Felony Murder and Frontal Lobe Studies

Democratic Delegates in Maryland proposed bill that will prohibit anyone under the age of 25 from being charged with felony murder?

4 min readMar 23


Photo by Natasha Connell on Unsplash

The latest studies in neuroscience suggest that the frontal lobe of the human brain doesn’t fully develop until the age of 25. However, in 2022, Kate Mills, a neuroscientist, said, “We’re still not there with the research to say the brain is mature at 25 because we don’t have a good indication of what maturity even looks like.”

Neuroscientists define maturity as the point when changes in the brain level off. That means neuromaturation is different from maturation in emotional, social, and moral development. So far, there is little empirical evidence that links neurodevelopment and adolescent real-world behavior.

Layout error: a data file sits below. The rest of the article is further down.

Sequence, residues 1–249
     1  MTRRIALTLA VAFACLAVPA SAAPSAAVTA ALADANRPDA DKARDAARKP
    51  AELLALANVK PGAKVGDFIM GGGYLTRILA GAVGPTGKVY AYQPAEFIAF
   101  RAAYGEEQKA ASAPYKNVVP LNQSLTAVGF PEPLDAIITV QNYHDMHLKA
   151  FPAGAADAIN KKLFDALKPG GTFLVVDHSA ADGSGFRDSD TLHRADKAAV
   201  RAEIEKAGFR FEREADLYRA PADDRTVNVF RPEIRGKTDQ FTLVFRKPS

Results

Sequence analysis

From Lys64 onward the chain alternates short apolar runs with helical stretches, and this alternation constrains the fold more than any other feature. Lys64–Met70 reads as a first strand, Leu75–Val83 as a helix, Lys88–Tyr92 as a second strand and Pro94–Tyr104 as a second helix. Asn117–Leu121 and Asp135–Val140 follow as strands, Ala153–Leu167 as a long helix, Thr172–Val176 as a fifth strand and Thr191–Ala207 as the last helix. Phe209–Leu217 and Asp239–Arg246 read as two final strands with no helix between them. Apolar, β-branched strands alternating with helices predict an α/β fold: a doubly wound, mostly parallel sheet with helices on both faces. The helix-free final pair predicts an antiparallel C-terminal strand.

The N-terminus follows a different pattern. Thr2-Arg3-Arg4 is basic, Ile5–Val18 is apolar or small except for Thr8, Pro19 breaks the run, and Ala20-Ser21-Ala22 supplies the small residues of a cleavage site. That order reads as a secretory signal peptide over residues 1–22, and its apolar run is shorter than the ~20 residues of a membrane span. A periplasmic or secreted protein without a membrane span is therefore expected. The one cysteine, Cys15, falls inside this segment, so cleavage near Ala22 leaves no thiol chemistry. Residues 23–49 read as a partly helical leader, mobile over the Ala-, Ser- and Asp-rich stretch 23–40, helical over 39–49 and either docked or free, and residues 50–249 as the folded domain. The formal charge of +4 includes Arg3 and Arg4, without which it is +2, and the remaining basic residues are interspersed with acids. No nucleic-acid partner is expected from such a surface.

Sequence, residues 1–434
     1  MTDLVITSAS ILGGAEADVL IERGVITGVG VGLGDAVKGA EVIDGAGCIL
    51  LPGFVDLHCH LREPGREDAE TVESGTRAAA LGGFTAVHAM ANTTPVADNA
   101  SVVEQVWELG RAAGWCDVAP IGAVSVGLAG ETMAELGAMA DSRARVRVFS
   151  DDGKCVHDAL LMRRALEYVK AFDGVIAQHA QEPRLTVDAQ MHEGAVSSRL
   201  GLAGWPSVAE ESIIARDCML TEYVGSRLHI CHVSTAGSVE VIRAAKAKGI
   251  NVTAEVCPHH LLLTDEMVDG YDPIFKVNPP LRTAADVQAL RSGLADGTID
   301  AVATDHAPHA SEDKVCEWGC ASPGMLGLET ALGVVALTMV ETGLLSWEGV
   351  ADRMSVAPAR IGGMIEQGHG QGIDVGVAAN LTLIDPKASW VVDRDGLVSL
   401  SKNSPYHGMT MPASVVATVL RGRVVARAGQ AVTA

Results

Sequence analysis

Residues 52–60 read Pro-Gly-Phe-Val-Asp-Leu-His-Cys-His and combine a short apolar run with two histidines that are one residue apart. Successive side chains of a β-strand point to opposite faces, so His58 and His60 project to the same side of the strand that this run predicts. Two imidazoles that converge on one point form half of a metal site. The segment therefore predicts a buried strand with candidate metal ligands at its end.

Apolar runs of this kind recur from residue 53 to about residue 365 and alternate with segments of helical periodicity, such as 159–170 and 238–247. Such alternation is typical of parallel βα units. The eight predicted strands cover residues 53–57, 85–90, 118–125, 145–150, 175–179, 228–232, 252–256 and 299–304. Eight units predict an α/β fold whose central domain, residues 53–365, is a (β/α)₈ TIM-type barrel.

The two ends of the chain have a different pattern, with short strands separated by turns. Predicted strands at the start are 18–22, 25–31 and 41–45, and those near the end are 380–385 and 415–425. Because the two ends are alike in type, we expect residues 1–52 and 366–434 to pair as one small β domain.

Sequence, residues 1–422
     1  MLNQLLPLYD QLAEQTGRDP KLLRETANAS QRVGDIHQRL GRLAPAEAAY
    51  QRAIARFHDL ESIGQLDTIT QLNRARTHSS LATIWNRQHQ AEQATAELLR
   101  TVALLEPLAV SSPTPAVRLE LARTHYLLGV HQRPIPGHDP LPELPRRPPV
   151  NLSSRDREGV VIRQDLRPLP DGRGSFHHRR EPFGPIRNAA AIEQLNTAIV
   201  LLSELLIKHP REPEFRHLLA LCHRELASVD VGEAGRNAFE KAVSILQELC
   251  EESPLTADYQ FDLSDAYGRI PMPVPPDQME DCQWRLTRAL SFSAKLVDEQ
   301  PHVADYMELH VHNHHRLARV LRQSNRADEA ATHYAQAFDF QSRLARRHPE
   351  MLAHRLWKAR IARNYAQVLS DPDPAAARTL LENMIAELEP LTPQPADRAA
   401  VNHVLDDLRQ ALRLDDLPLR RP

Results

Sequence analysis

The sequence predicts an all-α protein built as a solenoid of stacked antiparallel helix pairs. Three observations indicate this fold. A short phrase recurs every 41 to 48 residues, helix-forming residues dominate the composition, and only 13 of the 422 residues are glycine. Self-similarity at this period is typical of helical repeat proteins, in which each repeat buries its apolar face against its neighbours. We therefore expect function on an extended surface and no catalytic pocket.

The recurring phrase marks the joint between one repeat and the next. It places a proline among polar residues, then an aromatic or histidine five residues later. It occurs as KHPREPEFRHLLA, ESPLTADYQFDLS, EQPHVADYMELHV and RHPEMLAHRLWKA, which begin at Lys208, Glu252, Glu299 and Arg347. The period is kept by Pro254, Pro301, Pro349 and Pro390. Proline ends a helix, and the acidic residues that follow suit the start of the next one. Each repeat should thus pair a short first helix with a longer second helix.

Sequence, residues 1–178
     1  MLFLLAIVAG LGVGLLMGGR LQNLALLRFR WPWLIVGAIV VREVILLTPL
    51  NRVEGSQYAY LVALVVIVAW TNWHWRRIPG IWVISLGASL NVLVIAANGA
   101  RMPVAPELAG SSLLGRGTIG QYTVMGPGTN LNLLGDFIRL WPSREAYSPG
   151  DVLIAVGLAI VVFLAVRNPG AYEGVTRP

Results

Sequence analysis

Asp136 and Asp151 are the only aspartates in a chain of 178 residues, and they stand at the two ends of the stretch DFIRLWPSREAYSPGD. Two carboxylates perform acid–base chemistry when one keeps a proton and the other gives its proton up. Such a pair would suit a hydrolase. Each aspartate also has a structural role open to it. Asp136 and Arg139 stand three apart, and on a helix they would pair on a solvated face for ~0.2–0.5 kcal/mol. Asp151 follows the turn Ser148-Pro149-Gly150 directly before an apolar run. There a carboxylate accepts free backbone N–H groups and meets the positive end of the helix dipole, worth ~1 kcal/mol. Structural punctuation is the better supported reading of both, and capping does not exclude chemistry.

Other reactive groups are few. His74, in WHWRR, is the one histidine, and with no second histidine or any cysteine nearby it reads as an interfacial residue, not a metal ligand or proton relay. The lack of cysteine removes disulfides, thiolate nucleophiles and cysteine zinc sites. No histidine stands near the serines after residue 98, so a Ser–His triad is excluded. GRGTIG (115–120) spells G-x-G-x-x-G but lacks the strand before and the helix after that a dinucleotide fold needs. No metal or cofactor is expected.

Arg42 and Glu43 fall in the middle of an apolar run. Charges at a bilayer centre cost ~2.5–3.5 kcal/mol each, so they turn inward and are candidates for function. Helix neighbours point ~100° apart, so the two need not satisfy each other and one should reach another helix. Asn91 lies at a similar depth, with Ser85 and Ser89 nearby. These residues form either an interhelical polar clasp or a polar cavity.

The legal system is struggling with the implications of these frontal lobe studies. Since law is not science, lawyers and policymakers use frontal lobe studies for their persuasive power, not for their scientific precision.

For example, a juvenile can be charged as an adult based on the severity of the crime. Lawyers representing juveniles charged as adults use frontal lobe studies as evidence as to why punishing a child as if he or she is an adult is tantamount to child abuse. When trying to convince the legal system not to charge a child as an adult, the frontal lobe studies are persuasive despite their lack of precision.

But there are other times when frontal lobe studies don’t apply.

Recently, a group of Democratic Delegates in Maryland proposed House Bill 1180 — the Youth Accountability and Safety Act. This bill will prohibit anyone under the age of 25 from being charged with felony murder. The supporters of the bill insist that the brain is not fully developed until 25 years old and “those that commit heinous crimes like felony murder may not have intended to do so.”

At first glance, House Bill 1180 sounds like radical soft on crime legislation until closer attention is paid to what the Democratic delegates are trying to prevent.

According to the legal database Justia, the felony murder rule is a rule that allows a defendant to be charged with…




J. Pharoah Doss is a columnist for the New Pittsburgh Courier.